Gambia begins new era after unpopular leader packs and runs
GIN | 1/26/2017, 1:21 p.m.
(GIN) – Former president of Gambia, Yahya Jammeh, packed a Chadian cargo plane with luxury cars and went into exile late Saturday, barely missing the West African regional troops on their way to remove him by force if necessary.
Jammeh, who lost a re-election bid Dec. 1 but resisted stepping down, accepted an invitation from President Teodoro Obiang, a highly unpopular leader in the Central African nation of Equatorial Guinea. This offer sparked objections by the opposition Convergence for Social Democracy, pointing out that Gambia’s instability was a result of ex-president Jammeh’s own refusal to relinquish power after 22 years.
“We are not against Pan-Africanism, but we are in favor of a more objective Pan-Africanism that does not consist in just bringing over the waste of Africa,” the CSD said.
According to local media reports, Jammeh departed with two Rolls-Royces, a Mercedes-Benz and other cars and luxury items.
A diplomat, speaking to The New York Times, said Jammeh had tried to withdraw money from the Gambian central bank in recent weeks but was denied access. Two weeks ago, he shipped 22 vehicles to Mauritania.
Al Jazeera reported that Jammeh plundered state coffers in his final weeks in power, helping himself to more than $11 million. An adviser to new President Adama Barrow told reporters, “The coffers are largely empty… As we take over, the government of The Gambia is in financial distress.”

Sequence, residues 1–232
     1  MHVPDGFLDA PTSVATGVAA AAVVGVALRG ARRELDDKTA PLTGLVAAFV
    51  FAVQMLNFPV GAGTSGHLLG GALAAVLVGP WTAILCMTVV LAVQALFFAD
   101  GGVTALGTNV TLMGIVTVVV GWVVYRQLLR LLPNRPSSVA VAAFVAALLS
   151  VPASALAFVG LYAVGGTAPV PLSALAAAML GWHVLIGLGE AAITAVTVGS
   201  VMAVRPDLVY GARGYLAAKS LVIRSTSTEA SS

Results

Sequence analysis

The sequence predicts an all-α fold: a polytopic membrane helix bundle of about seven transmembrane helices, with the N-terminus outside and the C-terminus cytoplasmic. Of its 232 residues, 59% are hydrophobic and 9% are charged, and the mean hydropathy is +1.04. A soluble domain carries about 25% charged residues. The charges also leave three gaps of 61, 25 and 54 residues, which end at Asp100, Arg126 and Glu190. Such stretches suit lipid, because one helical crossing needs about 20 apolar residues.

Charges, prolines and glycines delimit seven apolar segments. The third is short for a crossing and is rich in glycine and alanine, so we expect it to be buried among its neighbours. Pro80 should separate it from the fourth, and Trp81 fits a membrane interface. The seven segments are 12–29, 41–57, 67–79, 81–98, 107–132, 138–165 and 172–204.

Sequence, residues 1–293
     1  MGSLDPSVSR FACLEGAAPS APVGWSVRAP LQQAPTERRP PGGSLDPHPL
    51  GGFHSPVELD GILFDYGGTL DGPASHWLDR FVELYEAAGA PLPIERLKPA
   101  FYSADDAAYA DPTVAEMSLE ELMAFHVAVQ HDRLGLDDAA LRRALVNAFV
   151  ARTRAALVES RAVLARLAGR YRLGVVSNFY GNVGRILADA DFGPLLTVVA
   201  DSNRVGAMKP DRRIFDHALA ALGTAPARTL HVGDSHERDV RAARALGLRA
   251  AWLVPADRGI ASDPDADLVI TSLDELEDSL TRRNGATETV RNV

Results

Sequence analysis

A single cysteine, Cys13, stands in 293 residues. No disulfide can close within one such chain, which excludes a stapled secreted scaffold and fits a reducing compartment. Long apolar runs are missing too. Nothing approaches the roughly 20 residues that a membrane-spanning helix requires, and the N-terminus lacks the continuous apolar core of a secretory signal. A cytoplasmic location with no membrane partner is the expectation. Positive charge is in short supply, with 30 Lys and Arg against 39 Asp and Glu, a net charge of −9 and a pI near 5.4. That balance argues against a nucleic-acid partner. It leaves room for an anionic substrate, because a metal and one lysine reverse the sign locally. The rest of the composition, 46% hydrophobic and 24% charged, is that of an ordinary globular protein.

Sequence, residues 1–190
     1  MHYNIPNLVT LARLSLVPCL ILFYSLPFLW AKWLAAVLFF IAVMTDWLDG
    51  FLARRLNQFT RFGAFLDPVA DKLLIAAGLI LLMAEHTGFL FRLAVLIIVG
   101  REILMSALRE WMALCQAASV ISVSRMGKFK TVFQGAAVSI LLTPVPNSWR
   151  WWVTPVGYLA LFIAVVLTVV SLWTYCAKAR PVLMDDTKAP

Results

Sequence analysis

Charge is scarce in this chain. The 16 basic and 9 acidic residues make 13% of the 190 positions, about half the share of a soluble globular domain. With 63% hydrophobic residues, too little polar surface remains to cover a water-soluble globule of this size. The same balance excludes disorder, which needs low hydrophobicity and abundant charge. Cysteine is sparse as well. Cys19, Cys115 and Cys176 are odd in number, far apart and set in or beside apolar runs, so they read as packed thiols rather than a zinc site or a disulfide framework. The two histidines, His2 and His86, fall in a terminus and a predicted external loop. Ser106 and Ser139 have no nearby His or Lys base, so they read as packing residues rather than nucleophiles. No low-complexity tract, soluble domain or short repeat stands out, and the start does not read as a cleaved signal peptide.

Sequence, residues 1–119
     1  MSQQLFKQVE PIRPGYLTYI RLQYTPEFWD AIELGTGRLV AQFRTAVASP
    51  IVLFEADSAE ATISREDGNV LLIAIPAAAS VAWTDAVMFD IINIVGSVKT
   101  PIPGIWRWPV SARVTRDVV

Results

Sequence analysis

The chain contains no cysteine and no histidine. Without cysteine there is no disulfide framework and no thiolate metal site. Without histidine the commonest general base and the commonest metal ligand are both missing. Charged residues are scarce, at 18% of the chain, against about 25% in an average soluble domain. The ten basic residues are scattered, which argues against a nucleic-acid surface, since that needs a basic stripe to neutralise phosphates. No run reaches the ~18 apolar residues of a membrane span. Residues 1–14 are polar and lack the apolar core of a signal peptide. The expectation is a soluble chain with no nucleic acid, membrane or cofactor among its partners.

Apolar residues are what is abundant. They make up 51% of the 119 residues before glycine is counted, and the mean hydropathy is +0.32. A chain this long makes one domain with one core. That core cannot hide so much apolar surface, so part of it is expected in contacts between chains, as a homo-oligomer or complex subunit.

While Barrow awaits a green light from the regional troops clearing out “secret weapons depots” among Jammeh loyalists, he began naming his cabinet, starting with Fatoumatta Tambajang, a prominent pro-democracy activist, as vice president.
Tambajang was part of the opposition coalition that unseated Jammeh. A former United Nations Development Program gender/development expert, she also served as minister of Health, Social Welfare and Women’s Affairs in the government of the ousted president.
As of press time, it was still unclear when Barrow would arrive. For now, he is camped out with family and aides in a house he owns in an upscale neighborhood in Dakar, working on naming his cabinet.
As Jammeh left the country, the United Nations, the African Union and the Economic Community of West African States released a joint declaration saying they were committed to preventing the seizure of assets from the former president and his family and loyalists.
A Truth and Reconciliation Committee has been proposed. Ironically, Jammeh may even be allowed to relocate to the United States, where he has a house in Potomac, Md.